How is love like a corpse?

by on Mar.29, 2011

A prose translation by G.J. Racz of a sonnet by Lope De Vega:

To feel faint, daring, furious, surly, tender, generous, evasive, encouraged, mortal, like a corpse, alive, loyal, a traitor; a coward and also brave. To feel disoriented and ill at ease away from your beloved to show yourself happy, sad, humble, proud, angry, courageous and in cowardly disappointment, to drink poison as if a sweet potion, to forsake gain in favor of harm, to believe that heaven in a hell can fit, to give up life and soul for inevitable frustration, all of this is love; he who has tasted it knows it well.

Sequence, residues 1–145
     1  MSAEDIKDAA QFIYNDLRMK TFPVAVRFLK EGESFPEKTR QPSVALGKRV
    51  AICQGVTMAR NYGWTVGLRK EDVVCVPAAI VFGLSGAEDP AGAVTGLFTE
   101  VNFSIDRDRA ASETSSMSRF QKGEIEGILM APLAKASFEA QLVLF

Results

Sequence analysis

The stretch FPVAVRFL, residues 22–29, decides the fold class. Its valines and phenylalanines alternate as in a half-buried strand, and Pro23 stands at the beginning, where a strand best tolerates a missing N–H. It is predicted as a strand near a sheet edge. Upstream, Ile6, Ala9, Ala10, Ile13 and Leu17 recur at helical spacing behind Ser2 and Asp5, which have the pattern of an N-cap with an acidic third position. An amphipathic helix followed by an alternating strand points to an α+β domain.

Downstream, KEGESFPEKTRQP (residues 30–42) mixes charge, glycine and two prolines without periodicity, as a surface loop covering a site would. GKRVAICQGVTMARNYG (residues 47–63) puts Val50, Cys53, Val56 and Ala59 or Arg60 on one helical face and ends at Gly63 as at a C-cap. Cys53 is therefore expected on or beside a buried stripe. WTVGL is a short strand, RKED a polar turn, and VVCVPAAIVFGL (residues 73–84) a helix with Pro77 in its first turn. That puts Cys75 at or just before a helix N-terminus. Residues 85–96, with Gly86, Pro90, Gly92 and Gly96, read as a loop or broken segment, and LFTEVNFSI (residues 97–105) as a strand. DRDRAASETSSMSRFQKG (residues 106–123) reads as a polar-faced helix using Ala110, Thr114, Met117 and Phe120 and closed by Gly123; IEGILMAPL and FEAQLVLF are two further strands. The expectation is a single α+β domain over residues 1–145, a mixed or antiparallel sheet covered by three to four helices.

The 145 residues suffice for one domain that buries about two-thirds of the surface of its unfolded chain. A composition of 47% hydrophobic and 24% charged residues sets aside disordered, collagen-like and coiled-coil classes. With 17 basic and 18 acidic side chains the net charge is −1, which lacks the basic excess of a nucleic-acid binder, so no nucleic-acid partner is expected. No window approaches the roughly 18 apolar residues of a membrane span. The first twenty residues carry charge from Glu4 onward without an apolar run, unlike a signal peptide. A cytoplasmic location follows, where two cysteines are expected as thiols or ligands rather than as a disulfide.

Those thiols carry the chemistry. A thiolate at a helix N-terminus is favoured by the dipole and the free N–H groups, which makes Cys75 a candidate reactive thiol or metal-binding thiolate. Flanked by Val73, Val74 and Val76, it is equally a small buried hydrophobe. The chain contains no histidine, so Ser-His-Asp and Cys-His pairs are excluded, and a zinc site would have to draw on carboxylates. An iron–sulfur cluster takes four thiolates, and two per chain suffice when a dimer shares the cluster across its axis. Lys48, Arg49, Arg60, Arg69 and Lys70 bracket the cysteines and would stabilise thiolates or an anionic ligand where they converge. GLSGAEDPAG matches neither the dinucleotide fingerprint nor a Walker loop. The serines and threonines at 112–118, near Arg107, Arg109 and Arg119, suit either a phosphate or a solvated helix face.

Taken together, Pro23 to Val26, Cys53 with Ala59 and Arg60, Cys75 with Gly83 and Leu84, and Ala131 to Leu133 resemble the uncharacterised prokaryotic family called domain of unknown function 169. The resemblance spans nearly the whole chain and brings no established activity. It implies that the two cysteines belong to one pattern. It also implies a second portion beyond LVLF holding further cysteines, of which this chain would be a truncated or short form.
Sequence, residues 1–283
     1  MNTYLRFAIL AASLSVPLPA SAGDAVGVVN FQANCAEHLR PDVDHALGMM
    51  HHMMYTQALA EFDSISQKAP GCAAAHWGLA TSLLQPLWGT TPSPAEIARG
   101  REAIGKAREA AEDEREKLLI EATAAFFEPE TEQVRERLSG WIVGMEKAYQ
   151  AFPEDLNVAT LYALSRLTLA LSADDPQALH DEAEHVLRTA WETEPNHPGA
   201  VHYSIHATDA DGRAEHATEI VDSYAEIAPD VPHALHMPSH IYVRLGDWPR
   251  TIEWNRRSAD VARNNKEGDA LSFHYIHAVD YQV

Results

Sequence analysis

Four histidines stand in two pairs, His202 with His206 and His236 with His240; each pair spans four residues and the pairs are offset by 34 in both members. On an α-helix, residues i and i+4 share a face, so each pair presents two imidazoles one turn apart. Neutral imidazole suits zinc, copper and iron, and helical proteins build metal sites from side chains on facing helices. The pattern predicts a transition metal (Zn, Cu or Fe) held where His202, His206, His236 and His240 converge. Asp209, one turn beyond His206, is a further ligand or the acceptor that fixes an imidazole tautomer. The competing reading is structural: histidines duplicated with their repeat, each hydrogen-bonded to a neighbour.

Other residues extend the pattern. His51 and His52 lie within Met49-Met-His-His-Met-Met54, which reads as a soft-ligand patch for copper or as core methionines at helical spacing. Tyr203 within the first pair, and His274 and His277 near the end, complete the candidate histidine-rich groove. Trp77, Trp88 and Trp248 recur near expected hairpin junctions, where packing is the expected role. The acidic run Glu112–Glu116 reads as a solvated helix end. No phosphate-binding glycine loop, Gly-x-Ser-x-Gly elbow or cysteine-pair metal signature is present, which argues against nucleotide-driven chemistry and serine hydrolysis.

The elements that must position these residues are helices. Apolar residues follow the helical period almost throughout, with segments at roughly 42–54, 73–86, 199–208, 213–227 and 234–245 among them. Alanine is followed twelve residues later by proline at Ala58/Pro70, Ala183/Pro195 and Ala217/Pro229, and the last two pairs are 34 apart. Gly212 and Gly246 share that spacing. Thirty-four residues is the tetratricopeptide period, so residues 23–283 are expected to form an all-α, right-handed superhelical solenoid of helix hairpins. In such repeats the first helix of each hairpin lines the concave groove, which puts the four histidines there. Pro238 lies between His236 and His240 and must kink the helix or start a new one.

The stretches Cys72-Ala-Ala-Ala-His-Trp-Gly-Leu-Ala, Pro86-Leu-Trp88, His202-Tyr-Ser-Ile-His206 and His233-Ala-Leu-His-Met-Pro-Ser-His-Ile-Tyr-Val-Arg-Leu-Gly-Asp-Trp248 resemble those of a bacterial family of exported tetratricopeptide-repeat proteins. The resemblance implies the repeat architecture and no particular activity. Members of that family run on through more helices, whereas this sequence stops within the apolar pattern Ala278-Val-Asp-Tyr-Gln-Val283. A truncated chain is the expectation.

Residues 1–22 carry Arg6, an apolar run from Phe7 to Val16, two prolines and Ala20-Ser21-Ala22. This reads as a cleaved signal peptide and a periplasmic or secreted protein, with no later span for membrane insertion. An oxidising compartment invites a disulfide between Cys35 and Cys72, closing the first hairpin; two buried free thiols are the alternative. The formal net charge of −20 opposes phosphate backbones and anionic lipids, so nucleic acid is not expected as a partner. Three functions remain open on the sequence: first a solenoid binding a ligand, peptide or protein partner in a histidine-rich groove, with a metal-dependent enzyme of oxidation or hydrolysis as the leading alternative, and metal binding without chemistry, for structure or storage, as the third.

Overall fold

It’s part of Yale’s incredible Margellos World Republic of Letters series, a translation series that “identifies works of cultural and artistic significance previously overlooked by translators and publishers, canonical works of literature and philosophy needing new translations, as well as important contemporary authors whose work has not yet been translated into English.”

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